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Thursday, October 10, 2013

Rankings versus Market Share

Brian Leiter has shared the news that U.S. News law rankings will to continue to collect information on school expenditures.  That, combined with the student-teacher ratio, means that U.S. News will continue to push schools smaller to improve their rankings.  When you factor in that reducing class size also improves LSAT scores and GPAs, likely improves bar passage rates, and makes it easier to place a higher percentage of grads in jobs, it's really a no-brainer that schools will want to keep getting smaller if they want to improve their ranking.

Of course, going smaller also means lost tuition.  So if LSAT takers continue to go down (hypothetically?), there will be different strategies at different schools -- some going smaller (if they can afford it) to maintain traditional entry requirements, and some going bigger or maintaining size to keep tuition dollars stable.  Two recent articles -- one on D.C. and one on New York -- provided in-depth data about how schools are managing their enrollments based on these competing forces.

I wanted to throw out one additional factor -- market share.  Here's the theory: let's say you are a higher-ranked school in a market with a number of lower-ranked competitors.  You can go smaller and keep your numbers up, or you can go big and take a ratings hit.  However, when you go bigger, that means there are fewer students for your competitors -- and they are already scrambling for students.  So their rankings will suffer too.  You may go down 5 or 10 slots, but they will go down 20 or 30 slots.  And if the schools on down the chain respond in kind, maybe one of them might even go out of business.  As a colleague, you may feel bad about that, but as a competitor, it makes your life easier.  You can grab a bigger and/or better share of the students in your market and worry less about competition.

I think the incentives for staying small and keeping a good student body will keep most schools from pursuing this strategy.  But in regions where the competition is fierce, I can see a school at least taking this into consideration.  Is this a plausible market strategy?  Or should law schools not be thinking about market strategies, particularly if they involve shuttering a competitor?

Posted by Matt Bodie on October 10, 2013 at 12:12 PM in Life of Law Schools | Permalink


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I just want to observe that it is very strange to witness law faculty whining about the criteria by which a mass publication commercial periodical ranks schools.

Further, this profession really jumped the shark when law faculty began urging the American Bar Association's Task Force on the Future of American Legal Education regarding the criteria used by the same mass publication commercial periodical that is unrelated to the bar, to the ABA, to law schools, and really to anything.

Grow up. Fix your house, and stop whining about U.S. News.

Posted by: Anonymous | Oct 11, 2013 10:47:23 AM

I think the suggestion that schools are trying to kill off their competitors is probably not true. Schools are trying to save themselves. Where in the past they might have tried not to poach too many transfers from one school for collegiality reasons, now they are more desperate about their own situations and do not care as much how they are seen by their lower ranked competitors. The schools at the bottom of the food chain are going to suffer in this environment, but I do not think it is an intentional strategy to harm them.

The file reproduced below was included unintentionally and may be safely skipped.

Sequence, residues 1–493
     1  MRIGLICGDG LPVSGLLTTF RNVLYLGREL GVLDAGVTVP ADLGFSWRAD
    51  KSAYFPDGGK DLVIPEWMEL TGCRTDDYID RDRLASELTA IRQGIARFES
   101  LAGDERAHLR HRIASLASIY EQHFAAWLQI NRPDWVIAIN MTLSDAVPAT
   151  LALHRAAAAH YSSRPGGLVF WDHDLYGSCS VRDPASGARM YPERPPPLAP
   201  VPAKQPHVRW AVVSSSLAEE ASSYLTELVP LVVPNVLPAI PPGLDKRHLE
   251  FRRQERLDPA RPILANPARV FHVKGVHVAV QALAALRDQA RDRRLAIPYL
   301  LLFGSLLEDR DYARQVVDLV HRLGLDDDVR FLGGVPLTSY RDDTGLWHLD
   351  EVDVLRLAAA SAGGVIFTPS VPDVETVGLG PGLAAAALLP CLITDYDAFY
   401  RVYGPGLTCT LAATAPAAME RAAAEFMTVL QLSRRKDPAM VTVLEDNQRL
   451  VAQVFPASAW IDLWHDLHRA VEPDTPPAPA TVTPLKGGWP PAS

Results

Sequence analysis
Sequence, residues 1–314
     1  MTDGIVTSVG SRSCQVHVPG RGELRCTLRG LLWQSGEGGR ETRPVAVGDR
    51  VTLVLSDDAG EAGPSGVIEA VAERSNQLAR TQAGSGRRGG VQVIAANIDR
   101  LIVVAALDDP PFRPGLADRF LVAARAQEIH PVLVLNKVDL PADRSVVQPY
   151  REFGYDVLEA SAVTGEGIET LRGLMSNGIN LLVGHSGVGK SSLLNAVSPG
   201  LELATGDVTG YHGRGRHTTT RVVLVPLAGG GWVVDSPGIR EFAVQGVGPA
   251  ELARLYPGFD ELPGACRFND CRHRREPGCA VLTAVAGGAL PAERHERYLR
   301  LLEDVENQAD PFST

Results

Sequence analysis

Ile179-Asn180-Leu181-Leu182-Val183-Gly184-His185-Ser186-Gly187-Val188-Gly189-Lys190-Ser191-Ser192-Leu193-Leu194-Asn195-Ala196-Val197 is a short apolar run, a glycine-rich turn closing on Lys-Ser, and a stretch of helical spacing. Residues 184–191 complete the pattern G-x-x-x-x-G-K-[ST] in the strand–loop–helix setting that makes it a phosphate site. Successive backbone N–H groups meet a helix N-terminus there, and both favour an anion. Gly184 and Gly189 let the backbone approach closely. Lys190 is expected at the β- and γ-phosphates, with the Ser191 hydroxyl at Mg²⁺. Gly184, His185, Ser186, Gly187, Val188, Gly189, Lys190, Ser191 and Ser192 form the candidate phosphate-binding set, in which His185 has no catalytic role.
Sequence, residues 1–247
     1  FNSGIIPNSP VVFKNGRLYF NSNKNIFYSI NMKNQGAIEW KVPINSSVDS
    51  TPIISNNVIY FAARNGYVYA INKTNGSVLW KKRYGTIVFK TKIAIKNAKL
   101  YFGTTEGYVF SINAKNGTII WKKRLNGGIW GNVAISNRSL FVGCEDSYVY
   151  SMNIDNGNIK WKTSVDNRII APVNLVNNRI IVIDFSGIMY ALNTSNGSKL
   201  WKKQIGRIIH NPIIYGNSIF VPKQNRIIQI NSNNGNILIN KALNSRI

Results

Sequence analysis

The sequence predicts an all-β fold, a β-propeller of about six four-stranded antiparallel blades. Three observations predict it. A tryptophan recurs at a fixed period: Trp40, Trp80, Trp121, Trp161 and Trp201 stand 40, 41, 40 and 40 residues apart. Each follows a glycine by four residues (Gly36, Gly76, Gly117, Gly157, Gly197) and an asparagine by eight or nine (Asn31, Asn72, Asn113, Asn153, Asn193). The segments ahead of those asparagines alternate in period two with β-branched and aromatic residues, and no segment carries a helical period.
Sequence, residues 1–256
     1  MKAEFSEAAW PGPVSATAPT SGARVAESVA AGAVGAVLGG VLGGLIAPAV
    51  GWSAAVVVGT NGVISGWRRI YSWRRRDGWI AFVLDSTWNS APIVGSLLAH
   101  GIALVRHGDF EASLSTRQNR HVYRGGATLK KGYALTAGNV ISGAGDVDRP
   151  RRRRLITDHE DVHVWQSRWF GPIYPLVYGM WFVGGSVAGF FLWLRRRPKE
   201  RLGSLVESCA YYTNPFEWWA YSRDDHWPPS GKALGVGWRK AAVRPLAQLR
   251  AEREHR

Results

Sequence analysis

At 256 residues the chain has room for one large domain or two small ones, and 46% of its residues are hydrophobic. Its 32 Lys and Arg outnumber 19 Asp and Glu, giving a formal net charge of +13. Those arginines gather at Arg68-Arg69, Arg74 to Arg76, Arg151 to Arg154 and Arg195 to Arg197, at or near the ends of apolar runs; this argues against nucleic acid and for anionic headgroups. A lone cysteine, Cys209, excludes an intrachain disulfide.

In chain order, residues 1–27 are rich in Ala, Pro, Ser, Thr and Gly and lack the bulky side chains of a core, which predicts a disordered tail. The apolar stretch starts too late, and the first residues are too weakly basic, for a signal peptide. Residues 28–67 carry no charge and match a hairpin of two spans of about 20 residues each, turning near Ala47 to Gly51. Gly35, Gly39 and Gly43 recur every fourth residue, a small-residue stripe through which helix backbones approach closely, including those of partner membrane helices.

Posted by: Justin | Oct 10, 2013 5:47:08 PM

Desperate law schools are one step away from standing outside LSAT administration centers handing out flyers to prospective applicants, in the same manner that gentleman establishments hand out flyers to fans exiting sporting events.

Posted by: Cent Rieker | Oct 10, 2013 4:20:55 PM

There's a good deal of circumstantial evidence that some law school administrations are very consciously pursing a strategy (via their scholarship and transfer policies) of trying to kill off certain competitor schools. Take a look at what's happening in DC and the Twin Cities . . .

Posted by: Paul Campos | Oct 10, 2013 4:10:42 PM

Orin: I don't think you need equally-ranked schools. If schools have completely separate applicants pools, then I agree there would not be much overlap, but I think at the very least merit scholarships have blurred the lines between a lot of schools.

The Market: I have heard of that strategy as well. It's not as immediately painful to the lower-ranked schools, because it allows them to keep their numbers up, too. And I have heard that USNWR has plans to factor in transfers, so this strategy may become more costly.

Posted by: Matt Bodie | Oct 10, 2013 2:33:17 PM

There is a third way: the higher-ranked school admits a small 1L class to keep up the number, but makes up lost tuition by admitting many transfer students from lower-ranked local (and other) schools.

Posted by: The Market | Oct 10, 2013 1:47:39 PM

Chicago is a good example where this might be possible, with three schools traditionally fighting for the same students: Kent, Loyola, and DePaul.

Posted by: anonyprofs | Oct 10, 2013 1:40:33 PM

I'm skeptical, in part because it's relatively rare for a single city to have two equally-ranked schools, and I would guess there isn't much of a direct competition over students when there is a clear pecking order. But I don't know if Deans or admissions officers see the world that way.

Posted by: Orin Kerr | Oct 10, 2013 1:21:57 PM

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